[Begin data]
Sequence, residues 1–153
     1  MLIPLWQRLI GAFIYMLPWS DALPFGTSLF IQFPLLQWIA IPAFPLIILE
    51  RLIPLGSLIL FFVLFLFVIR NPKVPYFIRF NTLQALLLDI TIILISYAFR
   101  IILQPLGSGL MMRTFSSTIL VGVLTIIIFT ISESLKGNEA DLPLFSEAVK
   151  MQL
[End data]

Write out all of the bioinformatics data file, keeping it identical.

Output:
Sequence, residues 1–153
     1  MLIPLWQRLI GAFIYMLPWS DALPFGTSLF IQFPLLQWIA IPAFPLIILE
    51  RLIPLGSLIL FFVLFLFVIR NPKVPYFIRF NTLQALLLDI TIILISYAFR
   101  IILQPLGSGL MMRTFSSTIL VGVLTIIIFT ISESLKGNEA DLPLFSEAVK
   151  MQL